work, or for mergers and splits.
007 – Physical description control
Computer files/Electronic resources 007 elements:
$a – code “c” for category “Computer file”
$b – code “r” for specific type “Remote access”
$d – select correct code for color aspects of resource
$e – code “n” for dimensions “Not applicable”
$f – select correct code for sound aspects of resource
$g  $l – Optional (used primarily for archival control)
Choice of Type of Record (“Type” / OCLC
workform) and Type of Computer File (“File”)
What is the best choice of Type and File codes for
each of the following resources based on the
surrogates given (resources 1A-1G)?
When is it difficult to determine whether a Web
resource is primarily textual/language material or
primarily computer-based?
What constitutes “significant audio or video” that
makes a Web site cross the invisible line from being
text/language material to some other type for coding
Choice of Type of Record (“Type” / OCLC
workform) and Type of Computer File (“File”)
What constitutes an “online system or
What constitutes “interactive multimedia”?
When is numeric data text-based and when
When should File code “m” be used?
How should we code databases of images,
maps, or sound files as opposed to text?
Resource 1A
Resource 1B
Resource 1C
Resource 1D
Resource 1E
Resource 1F
Resource 1G
From the “About Bobby” page:
Bobby is a comprehensive web accessibility software
tool designed to help expose and repair barriers to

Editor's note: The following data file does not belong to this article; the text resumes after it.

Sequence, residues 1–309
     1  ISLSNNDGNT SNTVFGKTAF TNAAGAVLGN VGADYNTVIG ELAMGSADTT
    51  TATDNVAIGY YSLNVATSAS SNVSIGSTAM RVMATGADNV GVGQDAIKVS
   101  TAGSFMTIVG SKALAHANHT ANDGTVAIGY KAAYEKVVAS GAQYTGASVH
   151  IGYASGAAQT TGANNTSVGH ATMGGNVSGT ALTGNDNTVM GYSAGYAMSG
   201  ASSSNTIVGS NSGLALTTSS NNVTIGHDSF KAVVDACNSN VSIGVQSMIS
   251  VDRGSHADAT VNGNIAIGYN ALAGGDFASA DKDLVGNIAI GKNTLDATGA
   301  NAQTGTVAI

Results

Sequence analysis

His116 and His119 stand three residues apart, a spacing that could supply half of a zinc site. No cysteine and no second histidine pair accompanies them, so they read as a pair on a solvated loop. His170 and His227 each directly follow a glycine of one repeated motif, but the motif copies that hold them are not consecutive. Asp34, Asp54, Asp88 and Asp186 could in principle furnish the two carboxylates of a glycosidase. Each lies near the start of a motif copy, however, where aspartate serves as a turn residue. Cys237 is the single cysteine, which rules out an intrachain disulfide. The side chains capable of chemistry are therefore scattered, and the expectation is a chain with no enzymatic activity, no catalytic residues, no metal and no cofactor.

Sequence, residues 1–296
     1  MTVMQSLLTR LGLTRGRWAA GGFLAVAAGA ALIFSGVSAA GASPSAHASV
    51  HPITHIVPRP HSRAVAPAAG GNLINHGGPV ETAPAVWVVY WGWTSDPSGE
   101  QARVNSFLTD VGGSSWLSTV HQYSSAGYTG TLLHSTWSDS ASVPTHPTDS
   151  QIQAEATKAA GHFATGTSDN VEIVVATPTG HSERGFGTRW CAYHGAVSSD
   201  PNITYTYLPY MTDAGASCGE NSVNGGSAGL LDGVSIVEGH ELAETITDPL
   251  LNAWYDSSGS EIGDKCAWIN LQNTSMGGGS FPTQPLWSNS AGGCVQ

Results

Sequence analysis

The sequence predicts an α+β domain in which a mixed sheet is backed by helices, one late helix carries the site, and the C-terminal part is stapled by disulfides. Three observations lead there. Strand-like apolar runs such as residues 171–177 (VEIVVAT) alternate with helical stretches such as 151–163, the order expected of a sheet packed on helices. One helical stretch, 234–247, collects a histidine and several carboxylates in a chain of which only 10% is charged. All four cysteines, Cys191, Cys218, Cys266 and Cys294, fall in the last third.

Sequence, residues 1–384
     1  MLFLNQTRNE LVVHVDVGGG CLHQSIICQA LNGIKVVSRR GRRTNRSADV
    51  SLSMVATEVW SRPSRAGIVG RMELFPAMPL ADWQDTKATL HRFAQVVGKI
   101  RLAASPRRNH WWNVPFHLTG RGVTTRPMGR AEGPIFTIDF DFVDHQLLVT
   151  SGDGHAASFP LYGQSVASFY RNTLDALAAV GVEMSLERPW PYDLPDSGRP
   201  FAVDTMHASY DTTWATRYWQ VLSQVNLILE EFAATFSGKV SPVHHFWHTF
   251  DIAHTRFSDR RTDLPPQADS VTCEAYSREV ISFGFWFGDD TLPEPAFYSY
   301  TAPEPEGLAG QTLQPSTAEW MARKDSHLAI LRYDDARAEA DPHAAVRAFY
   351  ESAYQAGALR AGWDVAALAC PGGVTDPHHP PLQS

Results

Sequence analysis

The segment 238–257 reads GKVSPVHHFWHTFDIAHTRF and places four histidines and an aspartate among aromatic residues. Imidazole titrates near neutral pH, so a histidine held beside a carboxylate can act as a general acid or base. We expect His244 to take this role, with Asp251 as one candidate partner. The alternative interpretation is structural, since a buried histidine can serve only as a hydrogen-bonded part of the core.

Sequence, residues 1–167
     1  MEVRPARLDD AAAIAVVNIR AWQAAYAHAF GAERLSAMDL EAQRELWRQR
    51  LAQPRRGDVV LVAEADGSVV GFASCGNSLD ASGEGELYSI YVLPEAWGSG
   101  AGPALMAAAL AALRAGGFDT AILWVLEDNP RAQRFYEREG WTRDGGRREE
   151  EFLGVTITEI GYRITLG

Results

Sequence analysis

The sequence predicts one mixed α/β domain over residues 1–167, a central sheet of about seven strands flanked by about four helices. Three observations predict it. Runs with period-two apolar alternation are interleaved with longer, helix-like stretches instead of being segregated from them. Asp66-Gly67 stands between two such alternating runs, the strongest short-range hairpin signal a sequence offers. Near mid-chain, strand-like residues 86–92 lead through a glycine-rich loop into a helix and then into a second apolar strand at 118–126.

accessibility and encourage compliance with existing
accessibility guidelines. … Bobby is designed for
developers to test web pages and generate summary
reports highlighting the most critical issues effecting site
accessibility before posting to the Web or to Intranets.
AACR2--Bibliographic Description
Basis of the description: 12.0B1b
Areas based on current
• 1. Title and statement of
• 2. Edition
• 3. Type and extent of
• 4. Publication, distribution,
– Except dates
• 5. Physical description
– Not used for remote eresources
• 6. Series
Area based on first and/or last
• 4F. Dates of publication,
distribution, etc.
Areas based on all iterations
and any other source:
• 7. Note
• 8. Standard number and
terms of availability
Chief Source of Information:
• Printed integrating resources:
– Title page or title page substitute
• Nonprint integrating resources:
– Follow directions in subrule .0B in the relevant
• For electronic integrating resources: Rule 9.0B:
– The chief source of information is the resource itself
– Take the title proper from formally presented evidence
– If the title information presented in these sources
varies in degree of fullness, prefer the source that
provides the most complete title information
Common sources of title proper
in online integrating resources
• Formal title display on home page screen
– May be HTML text, graphic (image file), or both; may
appear in more than one form
• HTML header title
– Displayed in browser title bar (also viewable by
selecting View  Source)
• Sources of “formally presented” titles include: